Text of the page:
Should Oscar voters forgive Mickey Rourke's gay slur?
"The Wrestler" star Mickey Rourke sure picked a lousy time to rough up gay people. Just days after California voters shot down gay marriage, he piled on top with an insensitive slam that could have serious impact on his bout for the best-actor Oscar.
As Elizabeth Snead reports at The Dish Rag, Rourke roared in response: "Do I look like I'm dating Evan Rachel Wood this evening, guys? C'mon, get a grip. She's a good friend, that's about it." Then he shouted a gay slur and a curse word: "Tell that . . . who said all that . . . in the paper, I'd like to break his . . . legs."
Immediately after the outburst, Rourke got slammed right back by rights activists demanding an apology. Rourke issued this statement: "I want to sincerely apologize for the derogatory word I used. It was insensitive and inappropriate of me and I am deeply sorry that I may have offended anyone."
This Oscar year was supposed to be especially gay-friendly, considering "Milk" is in the mix. The biopic starring Sean Penn as gay political martyr Harvey Milk gives academy voters a chance to disprove suspicions that they may be secret homophobes, as many Oscarwatchers claimed after front-runner "Brokeback Mountain" lost best picture to "Crash" three years ago. Instead, Rourke — a longtime Hollywood fixture — may have accidentally expressed the town's secret, if it really exists.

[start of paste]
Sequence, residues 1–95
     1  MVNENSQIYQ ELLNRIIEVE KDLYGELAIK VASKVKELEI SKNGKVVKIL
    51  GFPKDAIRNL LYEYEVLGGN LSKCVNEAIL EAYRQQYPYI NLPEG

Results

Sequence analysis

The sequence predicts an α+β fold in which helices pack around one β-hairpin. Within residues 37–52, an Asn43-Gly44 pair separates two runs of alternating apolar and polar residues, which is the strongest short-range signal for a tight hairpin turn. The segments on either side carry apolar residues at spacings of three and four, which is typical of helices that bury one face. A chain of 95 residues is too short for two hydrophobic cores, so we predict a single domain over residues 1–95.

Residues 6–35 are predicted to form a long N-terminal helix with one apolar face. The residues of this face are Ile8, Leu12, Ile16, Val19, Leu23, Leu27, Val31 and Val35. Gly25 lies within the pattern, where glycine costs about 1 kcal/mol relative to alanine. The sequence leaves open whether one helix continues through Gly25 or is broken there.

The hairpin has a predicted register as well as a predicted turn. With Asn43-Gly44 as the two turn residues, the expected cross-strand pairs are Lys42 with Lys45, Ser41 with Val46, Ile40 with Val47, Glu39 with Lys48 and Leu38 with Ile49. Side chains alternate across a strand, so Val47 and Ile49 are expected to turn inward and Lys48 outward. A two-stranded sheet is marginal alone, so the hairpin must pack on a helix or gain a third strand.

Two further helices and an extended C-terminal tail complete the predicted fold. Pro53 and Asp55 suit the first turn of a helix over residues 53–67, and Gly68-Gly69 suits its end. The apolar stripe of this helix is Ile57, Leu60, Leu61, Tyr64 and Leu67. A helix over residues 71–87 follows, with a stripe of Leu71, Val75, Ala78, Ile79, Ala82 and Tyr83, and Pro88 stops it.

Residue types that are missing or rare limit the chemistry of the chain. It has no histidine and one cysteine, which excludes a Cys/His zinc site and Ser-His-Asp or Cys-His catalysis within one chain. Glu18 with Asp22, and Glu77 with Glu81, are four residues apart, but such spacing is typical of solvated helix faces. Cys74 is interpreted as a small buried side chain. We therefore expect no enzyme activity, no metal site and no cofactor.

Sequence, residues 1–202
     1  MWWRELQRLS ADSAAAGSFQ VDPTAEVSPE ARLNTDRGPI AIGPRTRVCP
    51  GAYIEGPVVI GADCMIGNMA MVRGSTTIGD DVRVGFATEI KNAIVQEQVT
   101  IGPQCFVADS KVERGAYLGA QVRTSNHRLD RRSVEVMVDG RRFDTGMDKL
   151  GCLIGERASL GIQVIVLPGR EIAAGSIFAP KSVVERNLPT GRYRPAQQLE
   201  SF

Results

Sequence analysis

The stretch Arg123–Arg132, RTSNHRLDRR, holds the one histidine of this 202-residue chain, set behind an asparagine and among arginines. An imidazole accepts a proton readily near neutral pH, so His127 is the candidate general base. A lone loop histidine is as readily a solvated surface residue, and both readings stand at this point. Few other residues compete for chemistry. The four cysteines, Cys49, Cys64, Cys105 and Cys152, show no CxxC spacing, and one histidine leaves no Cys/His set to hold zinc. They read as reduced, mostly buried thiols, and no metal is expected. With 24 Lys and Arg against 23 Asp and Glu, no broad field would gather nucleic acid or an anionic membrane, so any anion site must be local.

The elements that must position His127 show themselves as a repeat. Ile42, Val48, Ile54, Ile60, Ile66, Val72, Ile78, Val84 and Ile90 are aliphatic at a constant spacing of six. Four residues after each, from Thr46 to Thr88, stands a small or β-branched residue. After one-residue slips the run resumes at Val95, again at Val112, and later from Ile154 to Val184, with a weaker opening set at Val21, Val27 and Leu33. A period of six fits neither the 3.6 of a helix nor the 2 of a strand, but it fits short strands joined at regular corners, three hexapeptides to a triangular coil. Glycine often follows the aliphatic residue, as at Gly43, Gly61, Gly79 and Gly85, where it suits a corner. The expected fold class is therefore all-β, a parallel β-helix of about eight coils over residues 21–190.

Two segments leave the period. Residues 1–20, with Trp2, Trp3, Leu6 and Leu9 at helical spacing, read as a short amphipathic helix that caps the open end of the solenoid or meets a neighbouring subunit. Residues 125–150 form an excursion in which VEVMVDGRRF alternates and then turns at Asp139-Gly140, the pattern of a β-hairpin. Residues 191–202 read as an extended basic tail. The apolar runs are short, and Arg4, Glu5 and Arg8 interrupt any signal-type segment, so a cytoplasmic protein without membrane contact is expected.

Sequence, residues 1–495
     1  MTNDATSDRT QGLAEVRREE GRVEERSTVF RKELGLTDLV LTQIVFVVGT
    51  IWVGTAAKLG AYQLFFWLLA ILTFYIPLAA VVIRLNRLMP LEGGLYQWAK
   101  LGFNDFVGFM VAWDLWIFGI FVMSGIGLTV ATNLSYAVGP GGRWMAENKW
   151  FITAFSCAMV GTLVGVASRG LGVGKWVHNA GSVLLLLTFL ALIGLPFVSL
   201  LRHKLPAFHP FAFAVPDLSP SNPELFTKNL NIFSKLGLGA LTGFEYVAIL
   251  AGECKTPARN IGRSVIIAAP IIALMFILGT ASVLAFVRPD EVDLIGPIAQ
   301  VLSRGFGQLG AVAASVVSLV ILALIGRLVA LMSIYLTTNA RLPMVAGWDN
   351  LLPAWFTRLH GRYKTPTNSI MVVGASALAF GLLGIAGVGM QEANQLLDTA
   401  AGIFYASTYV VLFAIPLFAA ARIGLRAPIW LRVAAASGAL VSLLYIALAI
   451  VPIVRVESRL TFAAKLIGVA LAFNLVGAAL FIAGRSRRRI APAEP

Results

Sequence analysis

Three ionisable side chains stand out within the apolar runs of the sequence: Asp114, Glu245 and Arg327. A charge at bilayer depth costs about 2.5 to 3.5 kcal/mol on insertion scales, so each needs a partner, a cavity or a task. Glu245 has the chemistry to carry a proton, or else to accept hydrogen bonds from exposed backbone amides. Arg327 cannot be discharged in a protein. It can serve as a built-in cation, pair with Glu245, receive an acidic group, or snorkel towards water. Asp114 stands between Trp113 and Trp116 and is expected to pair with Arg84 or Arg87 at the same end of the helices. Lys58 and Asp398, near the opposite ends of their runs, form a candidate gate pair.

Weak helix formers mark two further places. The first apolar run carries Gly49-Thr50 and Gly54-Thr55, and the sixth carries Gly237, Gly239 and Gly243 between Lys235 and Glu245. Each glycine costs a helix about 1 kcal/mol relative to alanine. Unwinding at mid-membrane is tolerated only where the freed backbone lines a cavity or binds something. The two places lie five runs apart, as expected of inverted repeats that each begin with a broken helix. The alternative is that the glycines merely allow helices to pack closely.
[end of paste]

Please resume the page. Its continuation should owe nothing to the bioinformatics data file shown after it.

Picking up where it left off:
There may be an interesting Emmy parallel to this current Oscar situation. Last year Isaiah Washington lost his job on TV's "Grey's Anatomy" for using this same gay slur to characterize one of his co-stars. He apologized afterward, but many observers didn't believe he was sincere. Washington realized he had little hope of winning an Emmy so he took his name out of the running.
Should Rourke do the same in this Oscar race? Or will voters throw this wrestler out of the ring? Even if he wants to stay in, Oscar voters may choose not to buy his apology. Academy members, remember, are notoriously intolerant of bad boys. Russell Crowe — once an academy darling (best actor winner, "Gladiator," 2000) — hasn't been nominated since his dark side came to light. Crowe was snubbed for "Cinderella Man" and "Master and Commander." The latter oversight was particularly odd, since everybody associated with the film, it seemed, reaped bids except its own master and commander. In 2003, it was nominated for 10 Oscars, including best picture, but not best actor.